Beetroot Pasta with goats curd and candied walnuts
The crimson intensity of the beetroot pasta makes this dish look like a watercolour painting on a plate and I envisage eating it in some delightful sun-drenched courtyard while swilling a glass of rose, and enjoying all of my first world problems. Even if you’re not fond of the idea of beetroot pasta, the taste is quite subtle and it’s inclusion shouldn’t put you off. I had one beetroot dubious taste tester inform me that he “felt like he was eating the Kremlin.” The feeling was obviously short lived because he polished off the plate and went in for a second round. If the idea of all that kneading turns you cold, a lot of specialist grocers are stocking beetroot and other flavoured pastas so you can skip that step and just cook according to packet instructions then add the other ingredients at the end.
Serves 4 as a light meal
150g goats curd
½ cup walnuts (or nuts of your choice)
1 cup (firmly packed) mint leaves, coarsely chopped
1 ½ tbsp caramelised white balsamic (substitute with sweetened balsamic glaze if unavailable)
Zest of 1 lemon
Juice of ½ lemon
1 tbsp olive oil
300g 00 flour
3 eggs, lightly whisked
3 tablespoons pureed beetroot (fresh beetroot roasted)
Semolina to prevent pasta from sticking
Prepare the pasta by adding the flour to a large bowl, and make a well in the centre. Add the eggs and beetroot puree to the well. Begin to incorporate the flour into the wet mix then stir until a rough dough forms. Turn out onto a flat work surface dusted lightly with flour. Knead until the dough is smooth and elastic (about five minutes). Shape into a disc and cover in plastic wrap. Allow to rest for 30 minutes.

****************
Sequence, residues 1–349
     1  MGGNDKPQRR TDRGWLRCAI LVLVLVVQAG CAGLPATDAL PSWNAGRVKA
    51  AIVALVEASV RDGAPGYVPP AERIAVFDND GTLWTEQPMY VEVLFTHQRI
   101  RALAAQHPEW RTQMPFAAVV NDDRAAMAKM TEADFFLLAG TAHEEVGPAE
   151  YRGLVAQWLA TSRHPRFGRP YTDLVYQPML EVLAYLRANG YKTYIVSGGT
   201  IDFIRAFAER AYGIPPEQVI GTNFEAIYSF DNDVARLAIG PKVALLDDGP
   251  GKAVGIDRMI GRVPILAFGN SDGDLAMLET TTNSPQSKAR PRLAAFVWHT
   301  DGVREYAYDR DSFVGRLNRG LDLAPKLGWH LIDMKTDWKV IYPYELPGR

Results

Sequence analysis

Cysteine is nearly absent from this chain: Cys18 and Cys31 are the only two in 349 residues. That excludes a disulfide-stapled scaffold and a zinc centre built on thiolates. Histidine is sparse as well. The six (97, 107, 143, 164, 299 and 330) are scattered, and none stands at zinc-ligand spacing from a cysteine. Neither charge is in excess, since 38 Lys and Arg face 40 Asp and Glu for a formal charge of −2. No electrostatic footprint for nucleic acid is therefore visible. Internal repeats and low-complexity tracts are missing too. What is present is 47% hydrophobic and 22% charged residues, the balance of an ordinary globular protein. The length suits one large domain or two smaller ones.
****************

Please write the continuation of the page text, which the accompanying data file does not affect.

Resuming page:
Divide dough into four, then, working with one piece at a time, feed through pasta machine rollers, starting at the widest setting. Lightly flour dough as you fold and feed it through, reducing settings notch by notch, until pasta is 3mm thick. If not cooking immediately, toss a generous amount of semolina through your pasta strands as the beetroot pasta is a little stickier than your normal pasta and the semolina will prevent the strands from clumping. Cook the pasta in a saucepan of boiling water for 1-2 minutes or until the pasta rises to the top and is al dente in texture.
Place a fry pan over medium heat. Add the walnuts and lightly toast. Add the caramelized white balsamic and cook for 1 minute or until the nuts take on a candied, glazed appearance. Remove from the heat and place in a bowl. Cook the pasta in a saucepan of boiling water for 1-2 minutes or until the pasta rises to the top and is al dente in texture. Strain and add to the bowl with the other ingredients and toss lightly to combine.